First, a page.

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  • The two statements from the BRICS


    The two statements from the BRICS partnership could help to inform how best emerging economies can contribute to achievement of ambitious global targets for tuberculosis control. BRICS and other economies in transition have a great responsibility and the potential to contribute to all aspects of care, prevention, and research for tuberculosis. Middle-income countries will need to enhance investments in social protection, including universal health coverage, to ensure prompt diagnosis of tuberculosis and completion of treatment. As the economies of these countries further improve, more countries will join this scopolamine hydrobromide front, leaving fewer in need of substantial external assistance (). Countries of the scopolamine hydrobromide Organisation for Economic Co-operation and Development and international financing mechanisms (eg, the Global Fund to fight AIDS, Tuberculosis, and Malaria) should coordinate their efforts and adjust aid flows towards the lowest-income countries and fragile states while leveraging domestic resources in the BRICS and other emerging economies to address equity and support vulnerable populations in the lowest-income quintile.
    Electronic waste (e-waste) is an emerging environmental health issue in regions of Asia and Africa. Kristen Grant and colleagues (December issue) reviewed possible associations between exposures to e-waste and adverse health consequences in southeast China. We agree with Grant and colleagues that well designed epidemiological studies are needed to explore weak associations reported in ecological investigations. However, comprehensive exposure assessment is equally important to establish causal associations.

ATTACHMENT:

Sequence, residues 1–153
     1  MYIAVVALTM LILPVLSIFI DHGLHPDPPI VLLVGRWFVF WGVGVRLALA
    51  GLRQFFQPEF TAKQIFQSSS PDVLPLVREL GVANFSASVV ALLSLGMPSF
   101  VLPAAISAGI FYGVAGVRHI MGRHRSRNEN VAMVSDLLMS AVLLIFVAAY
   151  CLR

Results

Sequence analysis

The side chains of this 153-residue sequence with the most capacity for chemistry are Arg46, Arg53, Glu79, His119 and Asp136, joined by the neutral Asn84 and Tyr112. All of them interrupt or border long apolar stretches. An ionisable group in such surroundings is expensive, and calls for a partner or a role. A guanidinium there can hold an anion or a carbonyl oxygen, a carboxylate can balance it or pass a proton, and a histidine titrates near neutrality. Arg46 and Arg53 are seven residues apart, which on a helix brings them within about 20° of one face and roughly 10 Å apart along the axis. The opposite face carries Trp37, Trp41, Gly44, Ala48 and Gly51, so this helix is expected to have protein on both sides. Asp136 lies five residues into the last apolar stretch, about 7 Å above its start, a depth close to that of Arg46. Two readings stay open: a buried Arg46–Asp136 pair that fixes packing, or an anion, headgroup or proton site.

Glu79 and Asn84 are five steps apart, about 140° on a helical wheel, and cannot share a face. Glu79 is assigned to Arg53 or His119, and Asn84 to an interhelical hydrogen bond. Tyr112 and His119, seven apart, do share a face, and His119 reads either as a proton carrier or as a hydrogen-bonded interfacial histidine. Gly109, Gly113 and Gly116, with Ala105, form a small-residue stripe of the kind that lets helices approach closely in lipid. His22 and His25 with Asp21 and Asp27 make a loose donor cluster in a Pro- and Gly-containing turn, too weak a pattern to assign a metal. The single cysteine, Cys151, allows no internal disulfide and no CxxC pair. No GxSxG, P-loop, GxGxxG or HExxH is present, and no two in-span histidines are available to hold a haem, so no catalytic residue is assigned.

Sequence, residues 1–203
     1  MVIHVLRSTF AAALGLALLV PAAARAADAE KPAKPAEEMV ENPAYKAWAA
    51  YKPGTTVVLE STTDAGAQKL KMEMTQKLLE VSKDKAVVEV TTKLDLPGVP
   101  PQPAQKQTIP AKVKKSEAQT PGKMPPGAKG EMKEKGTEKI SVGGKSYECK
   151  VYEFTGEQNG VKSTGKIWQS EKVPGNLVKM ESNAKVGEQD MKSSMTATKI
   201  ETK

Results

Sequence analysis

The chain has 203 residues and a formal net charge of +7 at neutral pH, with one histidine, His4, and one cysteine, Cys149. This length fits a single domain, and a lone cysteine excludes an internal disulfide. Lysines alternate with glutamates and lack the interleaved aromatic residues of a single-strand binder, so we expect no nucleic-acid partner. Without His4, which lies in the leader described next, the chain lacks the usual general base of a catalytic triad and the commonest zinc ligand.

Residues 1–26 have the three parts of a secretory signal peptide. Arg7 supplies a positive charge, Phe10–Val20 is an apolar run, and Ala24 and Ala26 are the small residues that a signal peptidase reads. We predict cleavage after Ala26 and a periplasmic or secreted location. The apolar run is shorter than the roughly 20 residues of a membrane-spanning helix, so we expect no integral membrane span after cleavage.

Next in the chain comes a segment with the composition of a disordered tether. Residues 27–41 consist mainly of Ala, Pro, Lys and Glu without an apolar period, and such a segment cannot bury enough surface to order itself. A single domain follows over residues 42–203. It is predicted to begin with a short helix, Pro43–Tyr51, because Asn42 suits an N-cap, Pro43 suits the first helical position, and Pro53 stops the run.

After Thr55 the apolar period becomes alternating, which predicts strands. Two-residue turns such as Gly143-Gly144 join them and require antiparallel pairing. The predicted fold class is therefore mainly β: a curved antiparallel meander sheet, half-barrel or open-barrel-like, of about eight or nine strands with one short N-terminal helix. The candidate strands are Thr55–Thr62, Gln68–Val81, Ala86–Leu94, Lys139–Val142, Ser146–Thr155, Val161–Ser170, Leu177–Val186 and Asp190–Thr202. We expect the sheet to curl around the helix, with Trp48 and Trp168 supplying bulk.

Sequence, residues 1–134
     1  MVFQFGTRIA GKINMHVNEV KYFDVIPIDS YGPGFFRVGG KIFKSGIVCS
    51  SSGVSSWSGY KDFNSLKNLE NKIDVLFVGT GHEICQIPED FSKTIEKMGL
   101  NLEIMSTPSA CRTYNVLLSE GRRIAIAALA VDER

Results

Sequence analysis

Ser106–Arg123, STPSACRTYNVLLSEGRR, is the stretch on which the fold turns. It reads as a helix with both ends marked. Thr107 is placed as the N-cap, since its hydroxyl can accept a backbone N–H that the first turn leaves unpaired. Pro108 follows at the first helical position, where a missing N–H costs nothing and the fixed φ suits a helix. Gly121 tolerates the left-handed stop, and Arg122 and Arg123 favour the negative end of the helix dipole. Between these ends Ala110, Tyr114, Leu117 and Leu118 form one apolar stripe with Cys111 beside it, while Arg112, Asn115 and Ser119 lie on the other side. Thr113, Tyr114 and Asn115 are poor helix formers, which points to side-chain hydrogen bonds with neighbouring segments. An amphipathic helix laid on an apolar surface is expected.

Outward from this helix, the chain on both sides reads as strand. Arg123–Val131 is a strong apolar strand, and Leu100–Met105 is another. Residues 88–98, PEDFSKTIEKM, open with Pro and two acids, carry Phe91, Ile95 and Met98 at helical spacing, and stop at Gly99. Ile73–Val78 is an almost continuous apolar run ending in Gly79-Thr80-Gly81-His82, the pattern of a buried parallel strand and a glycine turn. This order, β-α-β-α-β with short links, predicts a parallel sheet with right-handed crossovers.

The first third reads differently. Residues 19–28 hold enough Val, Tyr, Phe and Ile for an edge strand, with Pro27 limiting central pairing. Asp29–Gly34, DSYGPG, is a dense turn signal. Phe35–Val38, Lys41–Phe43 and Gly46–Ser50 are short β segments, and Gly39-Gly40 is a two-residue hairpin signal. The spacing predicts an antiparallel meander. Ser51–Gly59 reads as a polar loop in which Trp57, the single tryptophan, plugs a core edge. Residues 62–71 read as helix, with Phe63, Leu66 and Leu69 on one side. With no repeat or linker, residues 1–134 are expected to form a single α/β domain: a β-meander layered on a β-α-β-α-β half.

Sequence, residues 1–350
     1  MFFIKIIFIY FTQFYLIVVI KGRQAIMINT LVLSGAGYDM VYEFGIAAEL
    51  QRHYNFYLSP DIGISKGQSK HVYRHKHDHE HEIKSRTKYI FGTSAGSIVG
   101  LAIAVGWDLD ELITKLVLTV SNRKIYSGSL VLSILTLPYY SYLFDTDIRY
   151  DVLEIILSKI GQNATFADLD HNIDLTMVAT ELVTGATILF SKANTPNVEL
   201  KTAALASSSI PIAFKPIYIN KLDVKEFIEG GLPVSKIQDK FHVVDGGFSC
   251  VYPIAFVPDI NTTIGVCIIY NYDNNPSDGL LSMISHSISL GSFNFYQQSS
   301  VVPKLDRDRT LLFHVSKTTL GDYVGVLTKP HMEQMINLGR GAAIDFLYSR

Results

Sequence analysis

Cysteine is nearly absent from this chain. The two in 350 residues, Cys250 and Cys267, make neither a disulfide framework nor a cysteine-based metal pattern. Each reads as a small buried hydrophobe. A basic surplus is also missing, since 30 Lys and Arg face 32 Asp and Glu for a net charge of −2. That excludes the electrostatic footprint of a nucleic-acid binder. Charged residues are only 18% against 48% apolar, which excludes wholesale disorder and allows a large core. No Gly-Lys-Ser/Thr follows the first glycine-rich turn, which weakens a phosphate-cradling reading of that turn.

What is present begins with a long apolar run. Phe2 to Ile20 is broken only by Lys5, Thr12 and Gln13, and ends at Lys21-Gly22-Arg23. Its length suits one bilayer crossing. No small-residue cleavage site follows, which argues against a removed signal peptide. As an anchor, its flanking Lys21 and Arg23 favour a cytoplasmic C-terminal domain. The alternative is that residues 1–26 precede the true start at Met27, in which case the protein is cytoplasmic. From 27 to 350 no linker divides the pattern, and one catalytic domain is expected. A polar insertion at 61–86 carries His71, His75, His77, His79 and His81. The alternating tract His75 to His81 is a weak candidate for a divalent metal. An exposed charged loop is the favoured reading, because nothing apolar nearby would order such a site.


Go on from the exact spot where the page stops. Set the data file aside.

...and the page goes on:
National health research agendas are important for helping to allocate funding to research areas of greatest need, and for aiding countries that receive donor funding to develop ownership and control over their national health research portfolios. However, before 2013, Papua New Guinea did not have an agenda of this kind. Here, we describe the development of the Papua New Guinea National Health and HIV Research Agenda (NHHRA) for 2013–18. The Papua New Guinea Health Research Policy calls for research in the country to target national health priorities. The NHHRA is the answer to this call. It includes the first high-level research agenda for all areas of health in Papua New Guinea. Under this high-level agenda, slime molds is envisioned that more detailed lists of strategic research priorities for specific health areas can subsequently be developed (such as for tuberculosis, cancer, HIV, child health, or environmental health). The NHHRA also includes the first list of strategic research priorities for HIV. By starting with HIV, this priority-setting exercise drew on the lessons learned from developing and implementing the National Research Agenda for HIV and AIDS in Papua New Guinea 2008–13. The strategic research priorities for HIV are intended to function as an example for the future development of research priorities for other health areas. Overarching guidance for the development of the programme and the methods that led to the establishment of the NHHRA were derived from the checklist on health research priority setting. A three-stage consultation process was developed to enable the inclusion of a broad range of different stakeholders. In stage one, four workshops of 1 day each were held. Each focused on a different research domain: reproductive, maternal, and child health; communicable diseases; healthy lifestyles; and health systems. These four research domains are aligned with the key result areas of the Papua New Guinea National Health Plan 2011–20. During these workshops, technical experts brainstormed on the values that should underlie the development of the agenda, discussed which health areas were relevant to the agenda within each research domain, and identified 10–15 research topics for each research domain. In stage two, during a workshop of 2 days, senior technical and policy stakeholders refined and prioritised these topics. In stage three, during a 1-day workshop, specialised technical experts developed a more detailed list of strategic research priorities for HIV. A more detailed description of how the agenda was developed will be published on the website of the Papua New Guinea National Department of Health. The report can also be obtained from the corresponding author.